Satellites do more than show clouds

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Posted: Monday, January 20, 2014 8:42 pm | Updated: 10:00 pm, Mon Jan 20, 2014.

NOAA satellites helped save 253 people last year

EPIRB

If you plan on fishing offshore, I always stress that it's important that you have an EPRIB if you can afford one. Doing a quick google search, I found the cost for one of these life saving tools range from 350 dollars up to $600.  Well worth the cost, if ever you find yourself in a scary situation out on the water. 

Last year these beacons saved 19 people in the Eastern Gulf of Mexico from Key West to Cedar Key. EPIRB, stands for - Emergency Position Indicating Radio Beacon. These devices have saved 1000's of lives in the United States and across the world since the early 80s. 

Here is more from NOAA.

The same NOAA satellites that helped forecasters predict severe weather, such as the Moore, Okla., tornado last May and November’s deadly Midwest tornado outbreak, also played a key role in rescuing 253 people from potentially life-threatening scenarios throughout the United States and its surrounding waters last year.

A combination of NOAA polar-orbiting and geostationary satellites detected distress signals from emergency beacons carried by downed pilots, shipwrecked boaters and stranded hikers and relayed information about their location to first responders on the ground.

NOAA satellites are part of the international Search and Rescue Satellite Aided Tracking System, called COSPAS-SARSAT. This system uses a network of satellites to quickly detect and locate distress signals from emergency beacons onboard aircraft and boats, and from smaller, handheld personal locator beacons called PLBs.

Of the 253 rescues, 139 were waterborne rescues, 34 were from aviation incidents and 80 were from events on land, where PLBs were used. Other rescue highlights from last year include:

•Alaska had the most SARSAT rescues, with 101, followed by Florida, with 56;

•In Alaska, six passengers on a small plane were rescued after it crashed near mountainous terrain outside of Le Conte Bay, Alaska;

•Four crewmen, ejected from a B-1 bomber before it crashed, were rescued in Broadus, Mont.; and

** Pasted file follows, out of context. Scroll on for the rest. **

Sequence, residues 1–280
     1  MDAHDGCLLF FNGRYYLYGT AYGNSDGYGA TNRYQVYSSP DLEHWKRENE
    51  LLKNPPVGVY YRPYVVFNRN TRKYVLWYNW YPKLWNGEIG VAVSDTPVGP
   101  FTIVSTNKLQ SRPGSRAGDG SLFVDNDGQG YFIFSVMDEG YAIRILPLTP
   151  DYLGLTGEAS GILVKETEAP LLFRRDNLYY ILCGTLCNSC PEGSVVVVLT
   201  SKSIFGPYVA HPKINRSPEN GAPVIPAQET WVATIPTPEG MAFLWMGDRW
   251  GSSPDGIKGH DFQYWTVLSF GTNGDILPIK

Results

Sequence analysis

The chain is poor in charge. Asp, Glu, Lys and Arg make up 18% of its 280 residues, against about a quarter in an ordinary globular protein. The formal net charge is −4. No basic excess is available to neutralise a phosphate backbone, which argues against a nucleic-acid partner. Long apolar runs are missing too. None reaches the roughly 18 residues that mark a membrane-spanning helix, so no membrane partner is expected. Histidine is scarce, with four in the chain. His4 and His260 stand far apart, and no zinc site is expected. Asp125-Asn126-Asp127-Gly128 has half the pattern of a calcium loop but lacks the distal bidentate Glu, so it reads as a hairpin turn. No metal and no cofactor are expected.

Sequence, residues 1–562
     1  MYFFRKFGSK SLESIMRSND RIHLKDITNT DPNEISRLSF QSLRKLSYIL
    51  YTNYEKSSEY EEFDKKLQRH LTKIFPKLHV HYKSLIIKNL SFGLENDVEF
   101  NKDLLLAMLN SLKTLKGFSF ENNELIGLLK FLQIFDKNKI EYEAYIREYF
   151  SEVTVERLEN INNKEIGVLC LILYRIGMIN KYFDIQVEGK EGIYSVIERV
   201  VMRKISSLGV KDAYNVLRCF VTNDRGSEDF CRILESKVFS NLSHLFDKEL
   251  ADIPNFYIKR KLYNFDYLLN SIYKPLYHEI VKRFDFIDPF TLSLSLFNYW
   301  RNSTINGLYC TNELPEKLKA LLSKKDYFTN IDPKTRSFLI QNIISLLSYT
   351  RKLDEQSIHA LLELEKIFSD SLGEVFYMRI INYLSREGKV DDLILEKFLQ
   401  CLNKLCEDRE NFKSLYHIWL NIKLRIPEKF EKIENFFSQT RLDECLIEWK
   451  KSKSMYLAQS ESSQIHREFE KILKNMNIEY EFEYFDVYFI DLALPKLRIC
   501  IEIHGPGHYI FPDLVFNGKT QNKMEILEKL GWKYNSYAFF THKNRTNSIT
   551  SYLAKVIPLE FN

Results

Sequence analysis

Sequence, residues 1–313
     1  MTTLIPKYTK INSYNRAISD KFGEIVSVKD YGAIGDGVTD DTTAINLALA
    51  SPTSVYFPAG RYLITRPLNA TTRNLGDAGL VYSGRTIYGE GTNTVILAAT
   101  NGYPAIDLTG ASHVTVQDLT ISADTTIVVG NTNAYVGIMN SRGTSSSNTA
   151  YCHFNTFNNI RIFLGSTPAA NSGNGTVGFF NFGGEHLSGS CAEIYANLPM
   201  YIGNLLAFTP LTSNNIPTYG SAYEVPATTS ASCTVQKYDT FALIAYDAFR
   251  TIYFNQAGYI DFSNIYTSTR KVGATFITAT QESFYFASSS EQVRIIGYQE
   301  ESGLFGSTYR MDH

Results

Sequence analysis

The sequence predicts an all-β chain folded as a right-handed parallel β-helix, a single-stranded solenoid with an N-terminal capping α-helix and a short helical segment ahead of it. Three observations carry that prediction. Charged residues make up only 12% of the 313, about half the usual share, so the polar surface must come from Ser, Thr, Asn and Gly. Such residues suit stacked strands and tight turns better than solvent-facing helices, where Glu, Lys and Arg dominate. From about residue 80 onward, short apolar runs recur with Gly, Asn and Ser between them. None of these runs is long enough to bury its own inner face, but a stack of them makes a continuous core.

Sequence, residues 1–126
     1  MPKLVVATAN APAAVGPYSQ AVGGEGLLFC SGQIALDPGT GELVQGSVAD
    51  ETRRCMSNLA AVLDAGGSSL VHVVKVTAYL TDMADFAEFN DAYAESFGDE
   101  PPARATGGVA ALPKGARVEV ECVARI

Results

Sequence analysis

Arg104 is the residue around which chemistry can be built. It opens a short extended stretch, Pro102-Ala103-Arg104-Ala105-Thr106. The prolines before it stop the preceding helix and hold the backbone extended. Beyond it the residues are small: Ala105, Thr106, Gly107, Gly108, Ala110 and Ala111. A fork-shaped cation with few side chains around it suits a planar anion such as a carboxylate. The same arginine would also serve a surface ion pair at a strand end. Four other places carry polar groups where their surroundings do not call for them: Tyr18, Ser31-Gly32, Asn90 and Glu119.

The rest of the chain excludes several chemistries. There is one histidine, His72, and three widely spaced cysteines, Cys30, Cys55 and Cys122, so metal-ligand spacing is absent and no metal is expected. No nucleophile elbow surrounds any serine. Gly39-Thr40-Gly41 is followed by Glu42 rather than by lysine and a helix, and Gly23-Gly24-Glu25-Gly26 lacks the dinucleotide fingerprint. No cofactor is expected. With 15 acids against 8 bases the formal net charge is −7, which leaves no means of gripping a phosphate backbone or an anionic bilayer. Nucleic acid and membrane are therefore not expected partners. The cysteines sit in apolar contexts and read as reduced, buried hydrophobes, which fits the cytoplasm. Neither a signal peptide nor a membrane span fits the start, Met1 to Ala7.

•A boater was rescued off the coast of Kitty Hawk, N.C., after he sustained a head injury.

2013 Satellite aided rescues U.S.
Credit: NOAA

To find out more about rescues click here http://www.nesdis.noaa.gov/sarsat_rescues_2013.html

SARSAT U.S. Rescues - 2013.

“Each life we save underscores the undeniable value of NOAA satellites,” said Mary Kicza, assistant administrator for NOAA’s Satellite and Information Service.

When a NOAA satellite finds the location of a distress signal, the information is relayed to the SARSAT Mission Control Center based at NOAA’s Satellite Operations Facility in Suitland, Md. From there, the information is quickly sent to a Rescue Coordination Center, operated by either the U.S. Air Force for land rescues or the U.S. Coast Guard for water rescues.

Since 1982, COSPAS-SARSAT has been credited with supporting more than 35,000 rescues worldwide, including more than 7,250 in the United States and its surrounding waters.

By law, owners of emergency beacons are required to register them with NOAA at: http://www.beaconregistration.noaa.gov. That registration information often helps provide better

and faster assistance to people in distress. It may also provide information about the location of the emergency, how many people need assistance, what type of help may be needed and other ways to contact the owner. At the end of 2013, NOAA’s registration database contained more than 400,000 registrations.

For more information about NOAA SARSAT, visit: www.sarsat.noaa.gov

Additional information about NOAA’s Satellite and Information Service can be found at: www.nesdis.noaa.gov

NOAA’s mission is to understand and predict changes in the Earth's environment, from the depths of the ocean to the surface of the sun, and to conserve and manage our coastal and marine resources. Join us on Facebook, Twitter, Instagram and our other social media channels.

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